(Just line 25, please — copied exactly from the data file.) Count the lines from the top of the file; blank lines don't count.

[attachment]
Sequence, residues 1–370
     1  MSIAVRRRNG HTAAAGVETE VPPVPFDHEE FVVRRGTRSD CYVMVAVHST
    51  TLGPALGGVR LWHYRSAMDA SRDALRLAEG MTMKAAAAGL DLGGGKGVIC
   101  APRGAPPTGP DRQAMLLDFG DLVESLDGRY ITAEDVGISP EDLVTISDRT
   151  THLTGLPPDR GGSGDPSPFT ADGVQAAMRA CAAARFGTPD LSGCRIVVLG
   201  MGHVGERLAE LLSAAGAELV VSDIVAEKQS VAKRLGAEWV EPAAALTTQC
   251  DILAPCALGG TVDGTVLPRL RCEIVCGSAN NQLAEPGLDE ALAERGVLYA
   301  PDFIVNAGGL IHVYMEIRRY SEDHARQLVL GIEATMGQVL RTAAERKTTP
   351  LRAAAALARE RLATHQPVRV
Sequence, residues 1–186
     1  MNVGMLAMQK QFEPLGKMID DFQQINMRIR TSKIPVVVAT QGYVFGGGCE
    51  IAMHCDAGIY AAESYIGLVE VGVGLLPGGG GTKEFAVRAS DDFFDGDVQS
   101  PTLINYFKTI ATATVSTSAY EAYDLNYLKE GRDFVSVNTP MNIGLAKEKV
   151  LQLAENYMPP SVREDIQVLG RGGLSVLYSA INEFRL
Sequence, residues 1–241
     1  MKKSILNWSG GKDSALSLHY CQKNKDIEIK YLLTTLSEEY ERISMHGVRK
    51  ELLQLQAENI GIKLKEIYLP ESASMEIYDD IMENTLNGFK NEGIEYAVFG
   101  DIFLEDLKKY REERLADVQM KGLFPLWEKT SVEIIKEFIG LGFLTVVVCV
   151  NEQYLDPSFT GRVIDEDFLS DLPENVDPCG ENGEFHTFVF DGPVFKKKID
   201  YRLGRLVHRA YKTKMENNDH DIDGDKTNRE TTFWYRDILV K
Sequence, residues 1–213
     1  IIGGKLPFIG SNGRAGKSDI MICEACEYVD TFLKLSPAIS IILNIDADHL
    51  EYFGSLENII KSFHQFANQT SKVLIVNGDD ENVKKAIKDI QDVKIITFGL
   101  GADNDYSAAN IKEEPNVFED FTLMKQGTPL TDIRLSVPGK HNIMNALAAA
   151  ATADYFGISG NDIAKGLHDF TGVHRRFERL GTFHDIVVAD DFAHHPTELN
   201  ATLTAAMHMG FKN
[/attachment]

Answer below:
   151  ATADYFGISG NDIAKGLHDF TGVHRRFERL GTFHDIVVAD DFAHHPTELN